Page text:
So if you have a group of rowdy kids who like one-upping and trash-talking instead? Go for a social game with possible betrayal, like Cosmic Encounter or The Resistance. You have a quiet couple new to gaming? Show them a gentle Spiel des Jahres winner, like Zooloretto or Dominion. You have a smart, intense group of competitors who play to win? Go big, like with a heavy game with lots of meat to it, like Eclipse or Terra Mystica.

It’s okay to sit out sometimes

So, there’s two tables of games. One is an hour away from finishing. The other is just about to start, and you know that the way they’re going to play is going to bug you.

If they have enough people to play, tell them that it’s okay, to go ahead and play. Try to make it clear that you’re not passive-aggressively expecting an invite. If they insist, insist right on back. They don’t control you.

If they don’t have enough people to play, that’s a tougher situation. If you know these people well, and if there will be fallout from you declining, and if the game is quick, maybe then this is a bullet you’ll have to take.

But remember, no one should force you into a bad time. If there’s another game they can play without you, suggest it. It’s okay once in awhile to swallow your pride and play something you don’t enjoy, but if it is a habit, you may want to look at things again. Gaming should be fun. If everyone else is having more fun than you, maybe there’s another game group more closely aligned with what you enjoy in games?

Competitive imbalance is a tough thing. If you’re in an area with few local gamers, you may not have many options; in that case, honesty and forthrightness becomes crucial to a future where you can enjoy yourself.

If you’re in an area with many local gamers, you’ll have an easier time. Find gaming groups. Find likeminded people in those gaming groups. At some point, you can stop playing in public places and start playing in curated game nights where the players are more likely to have an aligned play style. At the same time, try to adjust your own play style so you can fit into as many groups as you can.

It’s not easy, and it takes time and effort. But the reward is the luxury of never having to deal with a so-called “alpha player” or someone too preoccupied with convivialities to pay attention to the game. It’s worth it.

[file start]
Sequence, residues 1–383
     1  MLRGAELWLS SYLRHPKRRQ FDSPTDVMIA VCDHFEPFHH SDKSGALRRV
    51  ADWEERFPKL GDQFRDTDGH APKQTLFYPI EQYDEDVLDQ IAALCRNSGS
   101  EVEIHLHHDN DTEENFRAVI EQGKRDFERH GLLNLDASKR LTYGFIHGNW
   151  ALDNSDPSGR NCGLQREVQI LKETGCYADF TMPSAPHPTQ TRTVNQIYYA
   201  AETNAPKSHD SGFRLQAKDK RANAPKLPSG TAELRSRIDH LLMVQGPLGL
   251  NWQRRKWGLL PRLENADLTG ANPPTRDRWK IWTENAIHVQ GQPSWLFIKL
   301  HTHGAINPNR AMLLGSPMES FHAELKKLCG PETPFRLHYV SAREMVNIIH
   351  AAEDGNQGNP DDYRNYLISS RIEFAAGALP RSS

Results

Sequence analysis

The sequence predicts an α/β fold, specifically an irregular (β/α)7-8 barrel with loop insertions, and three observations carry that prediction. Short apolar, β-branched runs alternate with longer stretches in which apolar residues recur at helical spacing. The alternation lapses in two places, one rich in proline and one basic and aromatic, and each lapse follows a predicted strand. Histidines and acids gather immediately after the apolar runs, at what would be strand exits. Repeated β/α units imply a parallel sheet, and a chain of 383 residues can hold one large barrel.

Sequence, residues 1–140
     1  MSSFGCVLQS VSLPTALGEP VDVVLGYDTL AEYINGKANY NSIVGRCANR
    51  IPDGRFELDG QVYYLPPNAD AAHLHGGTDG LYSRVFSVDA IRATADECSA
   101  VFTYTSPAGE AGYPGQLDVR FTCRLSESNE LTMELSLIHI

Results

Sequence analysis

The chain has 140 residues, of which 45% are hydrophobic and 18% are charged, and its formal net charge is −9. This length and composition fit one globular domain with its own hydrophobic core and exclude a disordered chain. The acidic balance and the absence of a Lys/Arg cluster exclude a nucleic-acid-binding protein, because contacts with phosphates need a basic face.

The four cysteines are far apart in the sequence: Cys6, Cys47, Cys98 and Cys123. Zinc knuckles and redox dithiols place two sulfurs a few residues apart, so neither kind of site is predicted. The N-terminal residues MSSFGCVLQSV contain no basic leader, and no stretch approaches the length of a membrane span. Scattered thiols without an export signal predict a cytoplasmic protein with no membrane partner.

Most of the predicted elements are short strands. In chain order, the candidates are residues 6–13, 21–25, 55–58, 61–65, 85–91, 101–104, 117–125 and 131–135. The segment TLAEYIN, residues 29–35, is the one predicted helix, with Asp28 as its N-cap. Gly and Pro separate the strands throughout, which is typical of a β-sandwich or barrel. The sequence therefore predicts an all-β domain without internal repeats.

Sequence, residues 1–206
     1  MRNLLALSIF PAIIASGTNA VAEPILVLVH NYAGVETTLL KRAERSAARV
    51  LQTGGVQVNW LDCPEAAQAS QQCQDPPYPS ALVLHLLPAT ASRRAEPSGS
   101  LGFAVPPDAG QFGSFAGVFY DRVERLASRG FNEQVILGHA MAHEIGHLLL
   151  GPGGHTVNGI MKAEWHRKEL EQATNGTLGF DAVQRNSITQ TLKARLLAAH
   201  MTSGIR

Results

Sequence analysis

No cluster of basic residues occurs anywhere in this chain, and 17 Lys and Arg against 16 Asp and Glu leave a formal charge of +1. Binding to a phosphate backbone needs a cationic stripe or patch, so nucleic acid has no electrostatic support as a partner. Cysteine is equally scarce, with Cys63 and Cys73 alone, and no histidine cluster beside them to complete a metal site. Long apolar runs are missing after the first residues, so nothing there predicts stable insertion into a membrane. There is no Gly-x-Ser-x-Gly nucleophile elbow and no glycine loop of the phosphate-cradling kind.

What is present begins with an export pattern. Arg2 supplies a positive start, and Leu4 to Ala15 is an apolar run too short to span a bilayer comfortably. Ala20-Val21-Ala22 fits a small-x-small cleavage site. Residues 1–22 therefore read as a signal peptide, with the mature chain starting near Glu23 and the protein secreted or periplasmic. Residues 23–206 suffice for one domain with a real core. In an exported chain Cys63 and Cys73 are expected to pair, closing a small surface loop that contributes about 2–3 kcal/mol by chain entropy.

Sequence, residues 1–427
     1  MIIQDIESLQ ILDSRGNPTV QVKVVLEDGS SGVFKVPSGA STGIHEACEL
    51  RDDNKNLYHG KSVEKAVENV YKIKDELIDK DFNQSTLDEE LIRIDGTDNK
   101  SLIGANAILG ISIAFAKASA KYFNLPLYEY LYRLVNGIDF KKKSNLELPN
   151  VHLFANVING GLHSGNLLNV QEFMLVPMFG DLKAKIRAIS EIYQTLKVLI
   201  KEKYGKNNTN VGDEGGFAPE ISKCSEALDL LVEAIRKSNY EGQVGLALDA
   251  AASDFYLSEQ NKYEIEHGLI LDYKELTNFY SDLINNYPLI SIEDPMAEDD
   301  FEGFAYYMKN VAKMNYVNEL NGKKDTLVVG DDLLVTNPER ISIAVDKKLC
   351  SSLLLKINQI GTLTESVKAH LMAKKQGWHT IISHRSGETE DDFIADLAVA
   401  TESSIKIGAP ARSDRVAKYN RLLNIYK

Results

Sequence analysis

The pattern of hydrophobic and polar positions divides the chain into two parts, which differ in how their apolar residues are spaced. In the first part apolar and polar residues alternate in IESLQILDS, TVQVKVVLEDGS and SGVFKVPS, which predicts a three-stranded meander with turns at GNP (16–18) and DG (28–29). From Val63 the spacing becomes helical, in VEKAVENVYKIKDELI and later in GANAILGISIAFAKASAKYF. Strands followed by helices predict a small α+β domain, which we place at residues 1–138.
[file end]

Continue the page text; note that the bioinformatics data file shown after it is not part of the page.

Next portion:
Vision Quest: Transparency vs. Opacity in a board game

One element of board game design that I’ve recently felt I’ve had more control over is the visibility of the game state’s future. Put simply, it’s how possible it is for a game’s players to figure out what will happen next.

If it’s possible for players to figure out what will happen next, it’s transparent. For example, chess is a perfectly transparent game. There’s no hidden information or randomizing mechanisms to veil the game’s future, and each player only has to account for one player’s actions. Therefore, it’s possible (albeit difficult) for a player to work out how the next few turns will go, especially if she understands her opponent well. In fact, one of the things that makes a good chess player good is the ability to exploit chess’ transparency.

If it’s impossible for players to figure out what will happen next, it’s opaque. For example, poker is an opaque game. Looking at Hold ‘Em as an example, at the start of each hand, players only have two cards and their opponents chip counts as information. Information only appears in small increments: players ante, raise, and fold, and the players see the flop and the turn. By the time the river comes out and the game becomes perfect information, the hand is over. What makes poker challenging is that it forces players to calculate odds and read their opponents to make the most advantageous move with their limited information. Just as transparency defines chess, opacity defines poker.

So neither transparency nor opacity is inherently a bad thing. They’re both tools a good game designer will use to make the best possible game. But it’s quite possible to make a crappy game if you’re not careful with opacity or transparency!

There are many games – race games, especially – where the game’s winner is blindingly obvious in the last few rounds. This isn’t a showstopping problem; many good games can have this problem. But it’s an indication that there’s too much transparency in the game. 

There are other games where what will happen next will be a complete mystery. While this is good in small doses, if you have too much of it, players will have no idea what effect their actions have on the game. This is frustrating, uninteresting, and Not Fun. Some early games of Battle Merchants ended with the sentence, “Wait, how did he win?!” It took some time to work the game into a condition where players could understand why a given player did better than another.

Adding opacity

There are four elements you can add to a game to increase its opacity (and of course, you can remove them to increase its transparency).

  • Randomizing mechanisms. No one knows exactly what the dice will give you. If a game is feeling too transparent, forcing a player to roll successfully or draw a particular card from the deck will inject some uncertainty into the game. Or, you could have the random element appear at the start of a turn, and force players to deal with its consequences. Either way, you draw a veil over the future of the game and force players to work out what’s happening.